Six Steps to Preserving Our Great Ponds



Excess nitrogen in the water feeds algae blooms harmful to wildlife, people, and pets. In 2022, the Great Pond Foundation and the Marine Biological Laboratory sampled the Edgartown and Tisbury Great Ponds, and Chilmark and Crackatuxet Ponds and found that approximately 51 to 58% of the nitrogen comes from wastewater, 21 to 27% from fertilizers, and 17 to 21% from atmospheric sources, with birds typically contributing a miniscule 1% or less. (For details, visit the Great Pond Foundation website.)

What we do on the land affects the nearby water. With the Vineyard’s sandy soils, chemicals and fertilizers leach into our groundwater that flows into our ponds and wells. 

Grow a Vineyard Lawn

Embrace a lawn that is a mosaic of more drought tolerant grasses, mosses, and native plants, and is safe for your family. Cut it to a height of three inches and leave the clippings on the lawn for a natural fertilizer. Don’t use lawn chemicals or synthetic fertilizers; much of this leaches through our sandy soils and ends up in the groundwater. Fertilize lightly with compost in the fall. For Vineyard lawn tips, visit the Vineyard Conservation Society website.

Reduce Your Lawn Size

Try having a small mowed area around the house and maybe an area to play in, but let the rest grow into a sweeping meadow. The base of the grassland meadow could be little bluestem grass, butterfly weed, Asters and other native flowers. Mow winding paths to the water, your garden shed, or pool. To maintain the meadow, mow high once in the winter/early spring (to protect ground nesting birds), leaving the clippings on the ground to reseed. 

Create or Leave a Vegetative Buffer

Between the water’s edge and your lawn, leave a large natural vegetative area of 10 to 100+ feet. The root systems will bind the soil preventing erosion, soak up nitrogen, and help filter out other contaminants. 

Our journalism has been and always will be free.

For as little as $5 per month, you can help us continue to deliver stories that shine light on a better world. Contribute Now.

Add Native Plants

Native Vineyard plants need little, if any, watering. They also offer an attractive changing color palette and structure over the four seasons. Ninety percent of the world’s sandplains grasslands are on the Cape and the Islands — let your yard add to this incredible landscape. You will be rewarded with a world of butterflies, fireflies, songbirds, buzzing bees, and more.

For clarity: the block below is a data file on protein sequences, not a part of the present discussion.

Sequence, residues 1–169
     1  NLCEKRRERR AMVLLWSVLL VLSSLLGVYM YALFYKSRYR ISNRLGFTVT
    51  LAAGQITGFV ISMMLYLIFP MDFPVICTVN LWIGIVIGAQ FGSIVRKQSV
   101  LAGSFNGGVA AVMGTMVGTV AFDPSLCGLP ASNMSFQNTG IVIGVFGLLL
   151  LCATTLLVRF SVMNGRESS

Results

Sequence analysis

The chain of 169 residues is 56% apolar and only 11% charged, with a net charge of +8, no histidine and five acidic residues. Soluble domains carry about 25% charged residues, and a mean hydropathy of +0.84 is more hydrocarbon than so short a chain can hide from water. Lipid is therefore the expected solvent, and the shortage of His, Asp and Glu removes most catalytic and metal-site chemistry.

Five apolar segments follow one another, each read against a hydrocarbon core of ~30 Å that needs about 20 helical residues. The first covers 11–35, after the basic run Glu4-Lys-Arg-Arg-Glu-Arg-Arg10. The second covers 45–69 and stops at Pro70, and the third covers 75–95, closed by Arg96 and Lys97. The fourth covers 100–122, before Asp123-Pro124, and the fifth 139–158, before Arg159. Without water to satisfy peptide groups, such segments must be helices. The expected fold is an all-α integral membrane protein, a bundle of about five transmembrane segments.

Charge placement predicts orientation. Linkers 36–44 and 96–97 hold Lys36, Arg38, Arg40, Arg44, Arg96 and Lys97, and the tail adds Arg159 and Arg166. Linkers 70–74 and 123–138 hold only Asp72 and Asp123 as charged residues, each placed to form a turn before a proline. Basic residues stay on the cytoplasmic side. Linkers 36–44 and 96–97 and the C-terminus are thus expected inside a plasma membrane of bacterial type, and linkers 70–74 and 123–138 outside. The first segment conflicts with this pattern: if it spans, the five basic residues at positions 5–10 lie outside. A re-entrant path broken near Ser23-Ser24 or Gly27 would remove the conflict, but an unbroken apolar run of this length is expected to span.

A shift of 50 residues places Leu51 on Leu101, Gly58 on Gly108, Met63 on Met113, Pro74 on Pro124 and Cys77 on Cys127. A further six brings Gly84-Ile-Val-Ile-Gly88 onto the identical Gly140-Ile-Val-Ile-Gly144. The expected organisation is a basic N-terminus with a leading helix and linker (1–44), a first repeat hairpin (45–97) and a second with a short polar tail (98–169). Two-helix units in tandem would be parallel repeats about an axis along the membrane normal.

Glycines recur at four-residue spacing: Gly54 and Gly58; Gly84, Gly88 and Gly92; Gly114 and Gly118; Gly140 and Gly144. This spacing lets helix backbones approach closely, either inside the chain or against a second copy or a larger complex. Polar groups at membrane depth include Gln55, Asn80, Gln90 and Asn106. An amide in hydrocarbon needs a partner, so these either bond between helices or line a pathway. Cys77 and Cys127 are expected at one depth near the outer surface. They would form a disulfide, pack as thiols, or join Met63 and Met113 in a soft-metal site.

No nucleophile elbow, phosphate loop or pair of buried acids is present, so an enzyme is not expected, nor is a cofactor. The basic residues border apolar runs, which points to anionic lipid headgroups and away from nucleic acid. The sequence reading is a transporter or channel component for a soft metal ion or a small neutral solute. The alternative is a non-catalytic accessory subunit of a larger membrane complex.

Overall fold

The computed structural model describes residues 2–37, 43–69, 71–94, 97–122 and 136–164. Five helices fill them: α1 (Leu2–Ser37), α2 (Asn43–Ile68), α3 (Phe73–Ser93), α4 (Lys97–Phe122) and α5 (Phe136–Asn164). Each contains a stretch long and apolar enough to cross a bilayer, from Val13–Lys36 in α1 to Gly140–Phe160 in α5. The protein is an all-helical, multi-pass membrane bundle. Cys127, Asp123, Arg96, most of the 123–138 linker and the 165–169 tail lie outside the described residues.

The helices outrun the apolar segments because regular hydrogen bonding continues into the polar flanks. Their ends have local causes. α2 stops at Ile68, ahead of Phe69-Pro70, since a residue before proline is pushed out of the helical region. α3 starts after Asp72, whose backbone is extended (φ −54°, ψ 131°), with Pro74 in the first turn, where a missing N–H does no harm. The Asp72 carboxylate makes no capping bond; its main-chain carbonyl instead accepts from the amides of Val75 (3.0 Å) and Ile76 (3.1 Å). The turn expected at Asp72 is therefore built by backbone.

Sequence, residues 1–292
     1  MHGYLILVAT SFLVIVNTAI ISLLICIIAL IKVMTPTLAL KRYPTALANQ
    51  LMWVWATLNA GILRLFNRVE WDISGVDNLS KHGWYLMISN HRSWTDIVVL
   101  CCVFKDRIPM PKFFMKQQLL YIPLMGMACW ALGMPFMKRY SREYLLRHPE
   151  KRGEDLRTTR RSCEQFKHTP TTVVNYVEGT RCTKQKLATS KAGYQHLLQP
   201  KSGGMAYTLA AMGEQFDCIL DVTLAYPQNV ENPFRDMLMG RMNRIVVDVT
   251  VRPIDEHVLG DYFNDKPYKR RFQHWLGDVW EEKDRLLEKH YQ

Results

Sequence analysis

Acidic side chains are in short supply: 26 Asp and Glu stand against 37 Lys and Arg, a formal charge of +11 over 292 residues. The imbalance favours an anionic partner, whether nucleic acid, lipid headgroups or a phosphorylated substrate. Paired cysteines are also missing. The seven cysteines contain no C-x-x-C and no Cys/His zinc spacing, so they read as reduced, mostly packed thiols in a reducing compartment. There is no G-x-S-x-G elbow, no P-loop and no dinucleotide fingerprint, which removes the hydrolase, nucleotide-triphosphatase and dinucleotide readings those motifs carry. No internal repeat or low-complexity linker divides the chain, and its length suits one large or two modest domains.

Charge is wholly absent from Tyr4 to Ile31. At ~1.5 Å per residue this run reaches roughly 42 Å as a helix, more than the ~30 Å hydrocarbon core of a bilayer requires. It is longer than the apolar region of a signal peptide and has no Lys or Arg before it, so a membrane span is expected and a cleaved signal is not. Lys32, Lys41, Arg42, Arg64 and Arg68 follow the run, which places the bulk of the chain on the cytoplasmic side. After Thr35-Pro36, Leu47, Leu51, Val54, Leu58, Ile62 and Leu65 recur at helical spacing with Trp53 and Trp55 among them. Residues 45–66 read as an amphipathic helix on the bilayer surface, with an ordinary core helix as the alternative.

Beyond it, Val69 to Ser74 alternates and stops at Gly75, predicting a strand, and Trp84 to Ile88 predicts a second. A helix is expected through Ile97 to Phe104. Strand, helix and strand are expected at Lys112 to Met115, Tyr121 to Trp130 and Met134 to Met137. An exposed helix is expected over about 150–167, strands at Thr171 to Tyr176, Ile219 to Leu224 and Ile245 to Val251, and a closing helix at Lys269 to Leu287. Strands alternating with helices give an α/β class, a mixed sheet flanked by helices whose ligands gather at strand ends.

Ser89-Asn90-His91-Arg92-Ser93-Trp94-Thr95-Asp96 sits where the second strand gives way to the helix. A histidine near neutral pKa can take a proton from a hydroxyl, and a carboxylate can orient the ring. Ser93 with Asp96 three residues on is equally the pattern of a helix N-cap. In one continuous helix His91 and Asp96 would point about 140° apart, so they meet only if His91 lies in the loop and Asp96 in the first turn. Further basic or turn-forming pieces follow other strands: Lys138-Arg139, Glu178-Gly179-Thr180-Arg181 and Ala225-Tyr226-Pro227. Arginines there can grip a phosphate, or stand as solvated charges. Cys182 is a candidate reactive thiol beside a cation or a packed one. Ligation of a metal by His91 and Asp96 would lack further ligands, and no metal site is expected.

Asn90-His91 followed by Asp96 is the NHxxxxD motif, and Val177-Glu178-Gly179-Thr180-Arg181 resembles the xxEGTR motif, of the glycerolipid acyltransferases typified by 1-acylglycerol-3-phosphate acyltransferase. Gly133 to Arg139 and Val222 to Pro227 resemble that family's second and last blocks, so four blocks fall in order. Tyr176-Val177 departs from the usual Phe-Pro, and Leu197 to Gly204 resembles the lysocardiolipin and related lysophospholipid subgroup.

Use The Resources On-Island

Have a native plant expert from BiodiversityWork’s Natural Neighbors program visit your yard to give you tips on what to plant, how to support wildlife, and native plant kits to buy. Polly Hill Arboretum sells Island native plants, as do some nurseries. Learn about native sandplain grasslands through a Nature Conservancy webinar. Use landscapers who are familiar with environmentally friendly practices or share these resources with your current landscaper. Support nonprofits that work to keep our ponds healthy.

Support Land Preservation Efforts

Land is the best buffer to absorb excess nutrients and chemicals that could flow into the ponds. Intact native landscapes can filter and prevent 75% or more of the nitrogen from entering our ponds. Affordable housing is a critical need on the Island and it can go hand-in-hand with land preservation efforts, smart growth, and ecological integrity. Support non-profits that are protecting the unique natural habitats on our Island.

Latest Stories

Dear Dot: Is Organic Food Really Better?

Dear Dot, I’m a Harvard alum and a recent article in the Gazette indicated that organic food...

Favorite Read: The Climate Book Club

Sue Hruby writes:  My favorite book club is the Climate Book Club — admirably supported by the...

Quiz: Long Live Trees

How long does it take a newly planted tree to replace the carbon sequestration of a...

Inventing the Electric Lobster Boat

Can an electric lobster fishing boat get a full day’s work done off the coast of...
Anne Mazar
Anne Mazar
Anne Mazar is a board member of the Great Pond Foundation and lives alongside the Edgartown Great Pond. Read the story of her house, and the restoration of the native sandplain habitat here:
Read More

Related Articles


Please enter your comment!
Please enter your name here